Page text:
His son, James, the father of Anson Phelps Stokes, was born in this city in 1804 and died in 1881. Early in life he was associated in business with his father, and later he became a member of the metal importing firm of Phelps, Dodge & Co. He also assisted in founding the banking house of Phelps, Stokes & Co.
James Stokes in 1837 married Caroline Phelps, daughter of Anson G. Phelps, who was descended in the sixth generation from George Phelps, one of the first settlers of Windsor, Conn.
Anson Phelps Stokes, the eldest son of James Stokes by this marriage, was born in New York on Feb. 22, 1838. In his young manhood he was a partner with his father in the firm of Phelps, Dodge & Co., and afterward in the banking house of Phelps, Stokes & Co. In his later years his time was devoted principally to the care of his real estate and other investments. His fortune has been estimated as high as $25,000,000. He was at one time Trustee of the United States Trust Company and a Director of the Ansonia Brass and Copper Company and the Woodbridge Company.
Mr. Stokes married Helen L. Phelps, a member of the same family as his mother and the daughter of Isaac Newton Phelps, formerly a prominent banker in this city. A daughter, Sarah Phelps Stokes, was married in 1889 to Baron Hugh Halkett of Beverstedt, Hanover, Germany. In 1895 Ethel V. Phelps Stokes was married at Lenox to John Sherman Hoyt of this city. In the same year Isaac Newton Phelps Stokes married Miss Edith Minturn, daughter of Robert B. Minturn.
Mr. Stokes was prominent in the club life of the city. He was a member of the Metropolitan, City, Seawanhaka-Corinthian Yacht, Nineteenth Century, Union League, Knickerbocker, Century, Reform, Lawyers', Church, Riding, Tuxedo, and New York Yacht Clubs, and of the Downtown Association, the Society of Colonial Wars, the Mendelssohn Glee Club the National Academy of Design, the Metropolitan Museum of Art, and the American Museum of Natural History. He was the first President of the Reform Club, and served two terms as Vice Commodore of the New York Yacht Club.
In the campaign of 1890 Mr. Stokes wrote many letters on the financial question under the general title of "Joint Metallism,” in which he opposed the free coinage of silver at the ratio of 16 to 1. The letters afterward were collected and issued in book form and went through many editions.
The funeral of Mr. Stokes will be held in the Chapel of the Incarnation at 240 East Thirty-first Street, at 4 o'clock to-morrow afternoon. Dean Grosvenor of the Cathedral of St. John the Divine, will conduct the services. The interment will be private.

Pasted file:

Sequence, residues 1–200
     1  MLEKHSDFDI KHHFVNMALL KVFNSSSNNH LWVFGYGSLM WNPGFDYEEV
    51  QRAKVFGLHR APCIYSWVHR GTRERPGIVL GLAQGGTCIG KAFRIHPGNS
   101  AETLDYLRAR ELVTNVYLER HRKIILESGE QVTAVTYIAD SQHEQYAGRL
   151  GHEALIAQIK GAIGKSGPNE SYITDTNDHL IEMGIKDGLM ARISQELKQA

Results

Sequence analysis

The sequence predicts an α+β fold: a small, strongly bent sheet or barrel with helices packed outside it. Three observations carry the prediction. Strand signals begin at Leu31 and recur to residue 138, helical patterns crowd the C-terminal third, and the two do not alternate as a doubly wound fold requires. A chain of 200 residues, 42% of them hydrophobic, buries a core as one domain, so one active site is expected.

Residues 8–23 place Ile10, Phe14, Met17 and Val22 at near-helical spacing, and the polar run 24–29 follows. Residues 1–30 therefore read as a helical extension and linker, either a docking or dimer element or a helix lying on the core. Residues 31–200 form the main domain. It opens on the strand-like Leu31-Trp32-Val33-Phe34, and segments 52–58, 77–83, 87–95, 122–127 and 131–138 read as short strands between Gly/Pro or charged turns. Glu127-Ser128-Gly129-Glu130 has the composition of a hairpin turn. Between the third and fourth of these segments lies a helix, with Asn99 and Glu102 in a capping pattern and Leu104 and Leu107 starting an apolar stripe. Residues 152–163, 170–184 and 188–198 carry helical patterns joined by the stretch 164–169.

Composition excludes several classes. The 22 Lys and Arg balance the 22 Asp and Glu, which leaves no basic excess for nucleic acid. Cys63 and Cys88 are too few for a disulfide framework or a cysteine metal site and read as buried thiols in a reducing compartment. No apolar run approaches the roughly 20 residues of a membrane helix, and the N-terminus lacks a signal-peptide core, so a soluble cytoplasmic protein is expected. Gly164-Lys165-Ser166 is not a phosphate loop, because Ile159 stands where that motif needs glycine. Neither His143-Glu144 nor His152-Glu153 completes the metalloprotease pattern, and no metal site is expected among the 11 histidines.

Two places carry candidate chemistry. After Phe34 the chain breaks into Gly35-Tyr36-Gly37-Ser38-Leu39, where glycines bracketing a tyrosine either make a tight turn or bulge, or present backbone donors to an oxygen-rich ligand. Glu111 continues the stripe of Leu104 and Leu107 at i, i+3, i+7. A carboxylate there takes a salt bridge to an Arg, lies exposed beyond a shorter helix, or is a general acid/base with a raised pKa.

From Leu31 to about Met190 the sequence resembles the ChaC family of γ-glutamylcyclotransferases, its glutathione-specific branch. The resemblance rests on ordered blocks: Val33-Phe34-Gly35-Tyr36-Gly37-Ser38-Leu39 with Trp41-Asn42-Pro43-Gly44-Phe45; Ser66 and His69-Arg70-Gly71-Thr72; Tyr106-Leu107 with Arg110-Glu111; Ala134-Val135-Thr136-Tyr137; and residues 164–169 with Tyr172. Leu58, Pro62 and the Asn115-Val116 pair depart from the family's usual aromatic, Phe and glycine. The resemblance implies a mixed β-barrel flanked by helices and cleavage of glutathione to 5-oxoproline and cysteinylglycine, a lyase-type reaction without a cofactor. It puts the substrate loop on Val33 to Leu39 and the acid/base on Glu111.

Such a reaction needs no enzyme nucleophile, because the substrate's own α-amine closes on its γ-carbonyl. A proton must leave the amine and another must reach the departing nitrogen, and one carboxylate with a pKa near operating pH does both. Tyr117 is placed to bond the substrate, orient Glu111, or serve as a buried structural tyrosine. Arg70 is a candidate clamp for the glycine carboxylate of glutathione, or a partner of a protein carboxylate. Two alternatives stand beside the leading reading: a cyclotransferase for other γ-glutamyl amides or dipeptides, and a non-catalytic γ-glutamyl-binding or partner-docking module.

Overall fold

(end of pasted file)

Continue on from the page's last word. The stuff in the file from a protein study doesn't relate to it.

New York Evening Telegram, August 2, 1913
Stokes Estate of $750,000 Goes to His Family
Dividing an estate of between $500,000 and $750,000, the late Anson Pheps Stokes, financier and philanthropist, in his will made public today, bequeaths $8,000 to each of his thirteen grandchildren, and makes the suggestion in each instance that $3,000 of this be set aside to uphold Christianity. He divides the residuary estate among his nine children and his wife equally.
As it is generally believed Mr. Stokes was recently possessed of several million dollars, it is thought he had given to philanthropy and to his descendants largely in his latter years.
Mr. Stokes made a specific bequest of his real estate in Newport, R.I., and in Franklin County, N.Y., to his widow, Mrs. Helen L. Phelps Stokes, of No. 230 Madison Avenue.
To his eldest son, Isaac N. Phelps Stokes, the decedent gave the large portrait of his father James Stokes, given by his sisters and now in Brick House, Noroton, Conn. He also gave to his eldedt son books and other personal effects, to be handed down in the male line of the family according to seniority of birth. Mr. Stokes directed that these keepsakes not be sold, but the picture may, in the descretion of the owner, be given nto the New York Historical Society, the Metropolitan Museum of Art or any institution with similar purposes.
The children of Mr. Stokes are as follows:
Isaac N. Phelps Stokes of No. 118 East Twenty-second Street.
J. G. Phelps of New Haven, Conn.
Anson Phelps Stokes Jr. of New Haven.
Harold M. Phelps Stokes of 230 Madison Avenue.
Mrs. Sarah Hackett of No. 230 Madison Avenue.
Miss Helen Phelps Stokes of No. 230 Madison Avenue.
Mrs. Ethel Phelps Stokes Hoyt of Rowayton, Conn.
Mrs. Caroline Hunter of Noroton Heights, Conn.
Mrs. Mildred P. Stokes Hooker of No. 175 East Seventy-first Street.
Each of these nine children receives a one-tenth interest in the residuary estate. The other one-tenth interest goes to the widow.
Mr. Stokes’ grandchildren are the following:
Helen Ironside Phelps Stokes, the adopted daughter of Isaac N. Phelps Stokes of No. 118 East Twenty-second Street.
Anson P. Stokes 3d, Isaac N. Phelps Stokes 2d, and Olivia Eggleston Phelps Stokes, all of New Haven, Conn.
Anson Phelps Stokes Hoyt, Helen P. Hoyt, Ethel S. Hoyt and Graham Hoyt, all of Rowayton, Conn.
Robert Hunter Jr., Phelps Stokes Hunter and Helen Louisa Hunter, all of Noroton Heights, Conn.
Randolph Spaford Hooker and Mildred Phelps Hooker of No. 175 East Seventy-first Street.
2012-12-10 19:57:23 Where did $24,225,000 disappear to? JR —18.104.22.168
- It's an interesting question. The $25 million was someone's estimate, so he may never have had that much. There could have been bad investments. Or it seems possible that the family was dodging estate taxes. — MWanner